That is precisely what happened to the nation of Israel and the city of Jerusalem in particular. Jesus later said to the Pharisees, “Behold, your house is left desolate” (Matt. 23:38).

In 70 AD, the city of Jerusalem as well as the temple itself was destroyed by the Romans. Their house was left desolate.

The Gentiles are invited

In the parable, the king then sent out his servants to find anyone and everyone that would be willing to come to the wedding. They gathered both good and bad (Matt. 22:9-10).

By all appearances, the Jews were good, but truly they were unworthy (Matt. 22:8). It was time for the invitation to extend to the Gentiles who mostly appeared bad in their moral conduct.

As one might expect, when some of the Gentiles with their ungodly beginnings, backgrounds, and beliefs arrived to the wedding, they had not prepared themselves for such an occasion.

Jesus said, “When the king came in to see the guests, he saw there a man which had not on a wedding garment: And he saith unto him, Friend, how calmest thou in hither not having a wedding garment? And he was speechless” (Matt. 22:11-12).

The man had not changed before coming to the wedding. Though the parable speaks of his clothing, I believe it relates to that call to repent that is given to disciples before entering the church.

The king was so displeased that the ill-dressed was thrown out (Matt. 22:13). This mirrors what Paul instructed the church to do with unrepentant sinners among us (1 Cor. 5:1-8).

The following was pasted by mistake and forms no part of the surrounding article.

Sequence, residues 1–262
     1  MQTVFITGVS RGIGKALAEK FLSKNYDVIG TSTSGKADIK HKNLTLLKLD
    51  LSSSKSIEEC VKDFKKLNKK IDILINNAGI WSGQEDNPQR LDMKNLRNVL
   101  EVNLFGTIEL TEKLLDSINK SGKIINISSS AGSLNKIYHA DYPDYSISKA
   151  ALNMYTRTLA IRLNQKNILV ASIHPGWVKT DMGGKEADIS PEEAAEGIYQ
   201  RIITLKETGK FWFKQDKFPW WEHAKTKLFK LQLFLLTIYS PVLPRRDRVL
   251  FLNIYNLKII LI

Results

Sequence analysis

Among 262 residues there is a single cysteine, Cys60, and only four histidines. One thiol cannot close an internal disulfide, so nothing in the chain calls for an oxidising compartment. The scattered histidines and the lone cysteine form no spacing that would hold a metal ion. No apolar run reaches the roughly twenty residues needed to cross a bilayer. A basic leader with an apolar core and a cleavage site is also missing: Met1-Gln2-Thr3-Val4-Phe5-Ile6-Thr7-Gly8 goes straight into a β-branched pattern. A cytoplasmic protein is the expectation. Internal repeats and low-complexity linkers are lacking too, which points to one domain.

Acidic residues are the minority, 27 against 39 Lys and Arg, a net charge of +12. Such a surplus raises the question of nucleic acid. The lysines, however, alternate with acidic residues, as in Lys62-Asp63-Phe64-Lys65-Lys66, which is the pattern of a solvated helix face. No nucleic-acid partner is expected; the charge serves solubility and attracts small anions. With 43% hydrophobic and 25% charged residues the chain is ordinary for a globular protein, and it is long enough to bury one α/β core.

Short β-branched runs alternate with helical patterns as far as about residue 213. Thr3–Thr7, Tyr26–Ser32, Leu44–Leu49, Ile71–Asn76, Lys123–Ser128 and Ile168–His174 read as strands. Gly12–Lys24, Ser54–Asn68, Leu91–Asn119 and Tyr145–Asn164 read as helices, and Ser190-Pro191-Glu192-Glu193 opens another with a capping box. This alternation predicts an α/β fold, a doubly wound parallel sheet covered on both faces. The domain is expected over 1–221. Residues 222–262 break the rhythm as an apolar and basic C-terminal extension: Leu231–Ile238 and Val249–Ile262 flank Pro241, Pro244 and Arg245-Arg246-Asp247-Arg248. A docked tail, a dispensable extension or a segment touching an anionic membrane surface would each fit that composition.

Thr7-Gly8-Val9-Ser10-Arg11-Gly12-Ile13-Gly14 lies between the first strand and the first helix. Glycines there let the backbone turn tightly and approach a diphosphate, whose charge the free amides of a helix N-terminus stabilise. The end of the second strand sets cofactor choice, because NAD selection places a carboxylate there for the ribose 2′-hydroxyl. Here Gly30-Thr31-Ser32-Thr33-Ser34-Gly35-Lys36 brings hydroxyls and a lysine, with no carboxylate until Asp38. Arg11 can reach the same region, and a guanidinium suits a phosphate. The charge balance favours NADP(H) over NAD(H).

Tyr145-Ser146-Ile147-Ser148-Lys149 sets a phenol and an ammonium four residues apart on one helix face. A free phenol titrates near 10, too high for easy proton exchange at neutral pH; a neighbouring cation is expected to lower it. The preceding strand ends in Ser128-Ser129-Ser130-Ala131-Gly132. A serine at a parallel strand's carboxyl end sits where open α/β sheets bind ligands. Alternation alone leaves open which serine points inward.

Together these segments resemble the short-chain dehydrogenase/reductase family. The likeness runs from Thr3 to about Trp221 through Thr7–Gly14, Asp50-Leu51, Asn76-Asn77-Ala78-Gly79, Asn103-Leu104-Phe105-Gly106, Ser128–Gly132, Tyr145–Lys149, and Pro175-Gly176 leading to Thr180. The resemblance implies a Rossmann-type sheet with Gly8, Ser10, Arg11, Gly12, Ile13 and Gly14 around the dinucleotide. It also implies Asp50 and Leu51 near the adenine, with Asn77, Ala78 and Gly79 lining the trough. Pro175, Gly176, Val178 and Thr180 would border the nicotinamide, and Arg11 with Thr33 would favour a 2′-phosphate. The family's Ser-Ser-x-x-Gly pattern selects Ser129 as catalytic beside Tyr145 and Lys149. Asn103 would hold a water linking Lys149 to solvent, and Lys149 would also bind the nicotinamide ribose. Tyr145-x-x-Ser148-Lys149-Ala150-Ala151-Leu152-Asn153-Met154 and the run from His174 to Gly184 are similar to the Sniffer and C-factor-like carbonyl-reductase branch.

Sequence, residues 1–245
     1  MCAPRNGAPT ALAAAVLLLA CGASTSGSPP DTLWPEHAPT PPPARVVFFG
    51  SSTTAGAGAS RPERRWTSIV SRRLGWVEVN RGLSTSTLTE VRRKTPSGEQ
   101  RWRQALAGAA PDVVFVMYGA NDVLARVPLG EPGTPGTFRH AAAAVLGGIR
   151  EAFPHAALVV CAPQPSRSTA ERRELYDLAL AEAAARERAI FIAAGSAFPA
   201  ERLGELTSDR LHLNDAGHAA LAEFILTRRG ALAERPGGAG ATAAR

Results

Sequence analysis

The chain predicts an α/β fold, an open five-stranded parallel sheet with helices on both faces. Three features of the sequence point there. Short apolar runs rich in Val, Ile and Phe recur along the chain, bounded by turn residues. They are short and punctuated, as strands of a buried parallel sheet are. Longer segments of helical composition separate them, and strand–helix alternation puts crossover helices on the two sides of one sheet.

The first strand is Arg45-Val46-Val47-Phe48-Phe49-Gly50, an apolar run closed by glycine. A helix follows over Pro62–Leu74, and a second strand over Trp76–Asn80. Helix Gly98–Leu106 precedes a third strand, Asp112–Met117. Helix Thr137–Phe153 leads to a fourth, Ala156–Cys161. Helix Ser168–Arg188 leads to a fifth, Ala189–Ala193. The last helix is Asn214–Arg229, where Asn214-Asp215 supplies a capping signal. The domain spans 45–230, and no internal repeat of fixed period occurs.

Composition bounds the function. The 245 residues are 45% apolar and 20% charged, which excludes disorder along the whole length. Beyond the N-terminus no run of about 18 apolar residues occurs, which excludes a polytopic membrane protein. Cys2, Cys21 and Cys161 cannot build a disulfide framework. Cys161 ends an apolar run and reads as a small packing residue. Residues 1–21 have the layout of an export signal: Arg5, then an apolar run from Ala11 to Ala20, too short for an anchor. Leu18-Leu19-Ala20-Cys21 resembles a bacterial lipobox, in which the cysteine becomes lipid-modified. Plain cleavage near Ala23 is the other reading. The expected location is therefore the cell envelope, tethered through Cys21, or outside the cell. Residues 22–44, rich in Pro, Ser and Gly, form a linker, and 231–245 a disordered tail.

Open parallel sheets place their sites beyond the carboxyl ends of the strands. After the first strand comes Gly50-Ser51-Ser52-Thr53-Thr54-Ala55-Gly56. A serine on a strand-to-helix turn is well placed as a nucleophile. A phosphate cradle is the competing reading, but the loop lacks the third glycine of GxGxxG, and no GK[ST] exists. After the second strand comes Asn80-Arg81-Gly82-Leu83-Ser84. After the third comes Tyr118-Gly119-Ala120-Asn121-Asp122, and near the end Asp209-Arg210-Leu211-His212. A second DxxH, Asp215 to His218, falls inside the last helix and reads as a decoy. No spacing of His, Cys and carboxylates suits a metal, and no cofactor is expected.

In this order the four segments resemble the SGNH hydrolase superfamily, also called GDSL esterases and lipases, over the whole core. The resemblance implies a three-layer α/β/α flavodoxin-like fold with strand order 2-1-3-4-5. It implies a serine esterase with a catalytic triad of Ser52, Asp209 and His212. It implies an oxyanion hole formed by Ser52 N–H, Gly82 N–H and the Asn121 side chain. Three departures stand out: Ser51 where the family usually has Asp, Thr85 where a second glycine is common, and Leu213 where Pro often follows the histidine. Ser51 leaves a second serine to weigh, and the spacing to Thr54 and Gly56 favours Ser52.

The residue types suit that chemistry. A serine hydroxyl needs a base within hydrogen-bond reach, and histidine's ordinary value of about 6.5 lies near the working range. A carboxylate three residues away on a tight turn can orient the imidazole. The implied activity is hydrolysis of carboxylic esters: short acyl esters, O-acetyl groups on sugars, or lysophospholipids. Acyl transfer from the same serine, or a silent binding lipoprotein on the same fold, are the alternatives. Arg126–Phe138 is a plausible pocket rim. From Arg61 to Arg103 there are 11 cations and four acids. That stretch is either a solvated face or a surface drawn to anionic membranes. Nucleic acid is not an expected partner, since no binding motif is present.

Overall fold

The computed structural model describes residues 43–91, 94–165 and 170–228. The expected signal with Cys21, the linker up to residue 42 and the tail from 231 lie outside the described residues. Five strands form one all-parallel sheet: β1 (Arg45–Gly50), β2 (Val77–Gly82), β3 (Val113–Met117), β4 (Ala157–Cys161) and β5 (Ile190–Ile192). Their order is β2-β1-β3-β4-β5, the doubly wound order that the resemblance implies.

Many are called, few are chosen

Then came the Lord’s conclusion to the parable. He said, “For many are called, but few are chosen” (Matt. 22:14).

What likely confuses us about this verse is simply the lexicon. Typically, when we think of someone being called or chosen, we think of the internal call of the Spirit and the sovereign election of God as described by Paul, for instance (Rom. 8:30).

God did choose his people before the foundation of the world (Eph. 1:3-6). He also calls his people by his Spirit (2 Tim. 1:9). However, that type of election and calling is accomplished by God alone and has always been and will always be 100 percent successful.

But there is another type of calling which has a very small success rate. That is the call of the gospel. When the gospel is preached, it calls us to believe and repent which many who hear it will not do.

In the Lord’s day, most of Israel had been called by the gospel. That is why Jesus said, “Many are called.” Of course, very few answered the call so Jesus said, “Few are chosen.”

But what does it mean to be chosen in this case? In the parable, those chosen were those who accepted the king’s invitation and were prepared upon arrival. The ultimate goal for them was to sit at the king’s table and dine with him.

Today, many have heard the call of the gospel. Unfortunately, only a remnant of God’s people will embrace the gospel and seek to win Christ, as Paul said (Phil. 3:8).

Beyond eternal life which has been given to us, we have an opportunity to commune with Christ and receive a multitude of blessings from it while here on earth.